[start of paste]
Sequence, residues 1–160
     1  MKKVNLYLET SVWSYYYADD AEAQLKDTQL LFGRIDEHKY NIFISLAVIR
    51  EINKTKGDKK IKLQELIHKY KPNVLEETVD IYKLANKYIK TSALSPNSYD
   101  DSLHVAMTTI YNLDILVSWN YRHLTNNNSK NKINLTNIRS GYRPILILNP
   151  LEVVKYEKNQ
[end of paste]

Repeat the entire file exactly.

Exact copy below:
Sequence, residues 1–160
     1  MKKVNLYLET SVWSYYYADD AEAQLKDTQL LFGRIDEHKY NIFISLAVIR
    51  EINKTKGDKK IKLQELIHKY KPNVLEETVD IYKLANKYIK TSALSPNSYD
   101  DSLHVAMTTI YNLDILVSWN YRHLTNNNSK NKINLTNIRS GYRPILILNP
   151  LEVVKYEKNQ